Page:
This is not, like Herzog v. United States, 644 F.2d 713 (8th Cir.), cert. denied, --- U.S. ----, 101 S.Ct. 3008, 69 L.Ed.2d 390 (1981), a case in which the double-jeopardy claim rests on an alleged multiplicity in pleading. Pratt's argument is not that he has been twice charged or tried for the same offense, but that he has been twice punished. So we do not view Herzog as controlling. The fact remains, however, that Pratt's guilty plea was entered with apparently full awareness of the fact that he was giving up the right to argue that Counts VII and VIII in fact involved only one offense. The case would be only marginally more clear if Pratt had said, in so many words, that he was giving up the right to assert a double-jeopardy claim if the court should later impose consecutive punishment. The colloquy reproduced above amounts in substance to just such a statement. In these perhaps special circumstances, we think it would be unfair to the United States and contrary to the principle, not without force even in the criminal field, that judgments should be final, to consider now the double-jeopardy claim urged by defendant.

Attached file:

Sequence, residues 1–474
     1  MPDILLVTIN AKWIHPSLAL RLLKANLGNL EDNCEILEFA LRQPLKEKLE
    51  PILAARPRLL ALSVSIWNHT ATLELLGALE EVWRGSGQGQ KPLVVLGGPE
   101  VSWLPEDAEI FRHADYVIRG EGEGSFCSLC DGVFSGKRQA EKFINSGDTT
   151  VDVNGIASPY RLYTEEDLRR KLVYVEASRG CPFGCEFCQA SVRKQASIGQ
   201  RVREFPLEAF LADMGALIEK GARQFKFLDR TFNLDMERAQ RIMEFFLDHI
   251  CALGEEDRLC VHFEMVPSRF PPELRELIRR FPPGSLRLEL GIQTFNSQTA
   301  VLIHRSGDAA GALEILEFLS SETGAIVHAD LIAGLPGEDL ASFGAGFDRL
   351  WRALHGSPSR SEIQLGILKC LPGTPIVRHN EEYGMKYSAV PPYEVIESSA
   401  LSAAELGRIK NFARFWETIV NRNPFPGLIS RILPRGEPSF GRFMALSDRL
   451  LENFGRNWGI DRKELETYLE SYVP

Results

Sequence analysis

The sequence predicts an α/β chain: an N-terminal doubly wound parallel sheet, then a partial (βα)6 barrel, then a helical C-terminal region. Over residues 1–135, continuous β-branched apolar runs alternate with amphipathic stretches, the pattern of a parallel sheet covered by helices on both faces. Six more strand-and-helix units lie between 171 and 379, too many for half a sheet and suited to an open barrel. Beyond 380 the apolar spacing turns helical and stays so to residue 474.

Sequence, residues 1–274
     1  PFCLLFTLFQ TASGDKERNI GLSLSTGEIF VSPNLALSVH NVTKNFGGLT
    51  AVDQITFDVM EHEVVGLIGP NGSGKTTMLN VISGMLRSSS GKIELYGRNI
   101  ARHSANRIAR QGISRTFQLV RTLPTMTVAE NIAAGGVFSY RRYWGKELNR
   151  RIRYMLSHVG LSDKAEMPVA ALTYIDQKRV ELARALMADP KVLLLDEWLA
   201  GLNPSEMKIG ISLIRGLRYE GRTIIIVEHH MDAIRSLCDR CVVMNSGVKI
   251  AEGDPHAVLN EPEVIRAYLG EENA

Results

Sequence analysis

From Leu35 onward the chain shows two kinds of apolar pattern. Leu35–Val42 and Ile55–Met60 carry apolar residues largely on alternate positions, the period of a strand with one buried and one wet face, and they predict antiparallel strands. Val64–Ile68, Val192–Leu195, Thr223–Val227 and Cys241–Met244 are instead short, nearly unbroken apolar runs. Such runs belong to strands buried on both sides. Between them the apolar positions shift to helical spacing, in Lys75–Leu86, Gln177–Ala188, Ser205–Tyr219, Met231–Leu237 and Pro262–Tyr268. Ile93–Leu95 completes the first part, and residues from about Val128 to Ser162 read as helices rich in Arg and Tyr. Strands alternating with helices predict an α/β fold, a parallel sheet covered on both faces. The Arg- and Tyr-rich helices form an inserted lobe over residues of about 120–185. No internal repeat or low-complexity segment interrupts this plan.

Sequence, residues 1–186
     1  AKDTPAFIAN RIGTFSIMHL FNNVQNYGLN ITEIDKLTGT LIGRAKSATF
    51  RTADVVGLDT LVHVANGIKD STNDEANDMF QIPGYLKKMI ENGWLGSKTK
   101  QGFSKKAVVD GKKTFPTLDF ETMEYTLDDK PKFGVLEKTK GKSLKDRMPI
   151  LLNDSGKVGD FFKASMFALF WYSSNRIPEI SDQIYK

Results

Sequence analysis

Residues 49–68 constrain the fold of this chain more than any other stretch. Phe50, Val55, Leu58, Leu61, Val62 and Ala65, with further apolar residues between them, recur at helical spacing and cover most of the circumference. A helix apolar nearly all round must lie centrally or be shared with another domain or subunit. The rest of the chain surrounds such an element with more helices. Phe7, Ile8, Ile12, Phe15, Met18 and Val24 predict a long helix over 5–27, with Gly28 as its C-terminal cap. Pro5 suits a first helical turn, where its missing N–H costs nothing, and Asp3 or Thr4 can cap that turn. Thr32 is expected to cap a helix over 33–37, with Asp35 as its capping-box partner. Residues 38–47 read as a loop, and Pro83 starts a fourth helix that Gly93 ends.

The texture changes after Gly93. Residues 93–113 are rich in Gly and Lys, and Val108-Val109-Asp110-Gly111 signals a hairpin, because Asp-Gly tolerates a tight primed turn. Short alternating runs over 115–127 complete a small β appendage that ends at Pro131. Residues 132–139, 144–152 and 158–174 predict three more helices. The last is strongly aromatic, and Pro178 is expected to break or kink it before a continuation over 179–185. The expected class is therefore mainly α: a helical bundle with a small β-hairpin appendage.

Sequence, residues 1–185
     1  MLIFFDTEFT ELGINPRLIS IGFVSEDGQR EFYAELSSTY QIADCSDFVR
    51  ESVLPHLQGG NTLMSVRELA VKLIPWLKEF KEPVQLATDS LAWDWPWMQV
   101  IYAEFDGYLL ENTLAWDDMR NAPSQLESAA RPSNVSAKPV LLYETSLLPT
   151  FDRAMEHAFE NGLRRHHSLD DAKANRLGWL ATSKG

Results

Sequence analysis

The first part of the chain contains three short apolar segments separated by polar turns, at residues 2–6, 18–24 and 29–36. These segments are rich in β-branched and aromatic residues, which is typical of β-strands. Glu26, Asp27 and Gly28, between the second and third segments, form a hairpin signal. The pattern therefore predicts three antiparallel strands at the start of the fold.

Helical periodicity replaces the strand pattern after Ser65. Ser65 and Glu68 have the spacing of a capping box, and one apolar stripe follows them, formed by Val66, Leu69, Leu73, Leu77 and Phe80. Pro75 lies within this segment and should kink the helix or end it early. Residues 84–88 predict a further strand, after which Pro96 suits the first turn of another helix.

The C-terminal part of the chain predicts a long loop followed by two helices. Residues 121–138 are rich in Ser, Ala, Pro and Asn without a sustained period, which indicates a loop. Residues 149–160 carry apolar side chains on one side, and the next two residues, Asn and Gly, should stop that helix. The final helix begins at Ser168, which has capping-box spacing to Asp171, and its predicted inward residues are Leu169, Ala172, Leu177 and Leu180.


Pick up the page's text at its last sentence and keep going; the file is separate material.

It might be argued that Menna v. New York, 423 U.S. 61, 96 S.Ct. 241, 46 L.Ed.2d 195 (1975) (per curiam), requires us to reach the merits of Pratt's double-jeopardy argument. There, Menna had been convicted and imprisoned for contempt of court in failing to testify before a grand jury. He was later indicted for the same failure to testify. After unsuccessfully asserting a plea of former jeopardy, Menna pleaded guilty to the indictment and was sentenced again. On direct appeal, the Court of Appeals of New York declined to decide the double-jeopardy question, holding that it had been waived by the plea of guilty. The Supreme Court summarily reversed. A plea of guilty, it held, admits only those facts necessary validly to establish factual guilt. It does not "waive a claim that judged on its face the charge is one which the State may not constitutionally prosecute." 423 U.S. at 62-63 n.2, 96 S.Ct. at 242 n.2. The Court also observed that "(t)he State concedes that petitioner's double jeopardy claim is a strong one on the merits." Id. at 62 n.1, 96 S.Ct. at 242 n.1.